The Perfect Match Book Review by Kirkus Review


In Ross’ debut thriller, hospital patients awaiting kidney transplants begin dying under suspicious circumstances.

Nineteen-year-old Nick Seratino and his younger sister, Teresa, get in a car accident, but fortunately, they aren’t seriously injured. Nick, however, gets bad news at Deaconess Hospital in Chicago; it turns out he has previously undiagnosed kidney failure. His father, Emilio, who has ties to the mob, is determined to see his son receive a healthy kidney. Emilio’s wealth may help in that regard, particularly after he promises to pay $5 million to Deaconess’ transplant program. But even if that bumps Nick up the transplant list, it doesn’t mean that there will be an available match for him. Emilio isn’t a match, either, and readers know it may be because he’s not Nick’s biological father. But then patients higher up on the list mysteriously die, and doctors suspect homicide. Nick’s older sister, Selena, a graduate chemistry student, fears that her brother is in danger, so she looks into the unexplained deaths. Other investigators zero in on Emilio, a man who’s accustomed to getting exactly what he wants, by whatever means necessary. Author Ross, a kidney specialist, writes in an unadorned but informative style. The doctors in the story, for example, comprehensively explain their procedures in intelligent and remarkable passages. There are also some mysteries aside from the murders, such as the identity of Nick’s father. Several sympathetic characters populate the narrative, from patients in the dialysis unit to a mother who suffers a tragic loss. By contrast, Nick is less appealing; he only gets into Providence University after Emilio’s associate threatens the university president, and, at first, Nick is solely interested in the college’s “fantastic parties.” However, he gradually acknowledges his faults, particularly regarding his treatment of women, including Selena.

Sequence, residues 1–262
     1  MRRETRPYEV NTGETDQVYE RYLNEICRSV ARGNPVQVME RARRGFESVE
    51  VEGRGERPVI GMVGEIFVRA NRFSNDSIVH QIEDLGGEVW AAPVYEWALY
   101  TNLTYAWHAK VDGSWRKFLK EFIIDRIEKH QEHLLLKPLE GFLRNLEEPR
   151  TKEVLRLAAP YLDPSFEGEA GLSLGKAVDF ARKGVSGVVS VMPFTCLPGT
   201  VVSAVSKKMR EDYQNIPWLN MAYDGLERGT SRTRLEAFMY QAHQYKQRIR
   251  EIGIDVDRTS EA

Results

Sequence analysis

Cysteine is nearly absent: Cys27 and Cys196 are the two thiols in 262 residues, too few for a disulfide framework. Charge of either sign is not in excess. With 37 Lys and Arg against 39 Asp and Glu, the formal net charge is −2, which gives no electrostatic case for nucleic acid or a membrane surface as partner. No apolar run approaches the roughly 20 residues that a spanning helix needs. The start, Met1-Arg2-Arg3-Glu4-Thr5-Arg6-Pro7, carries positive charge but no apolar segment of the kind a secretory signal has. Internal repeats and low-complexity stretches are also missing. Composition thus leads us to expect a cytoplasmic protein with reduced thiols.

A worthy murder mystery with clearly explained medical terms.

The Perfect Match Book Review by Kirkus Review
Kirkus Review

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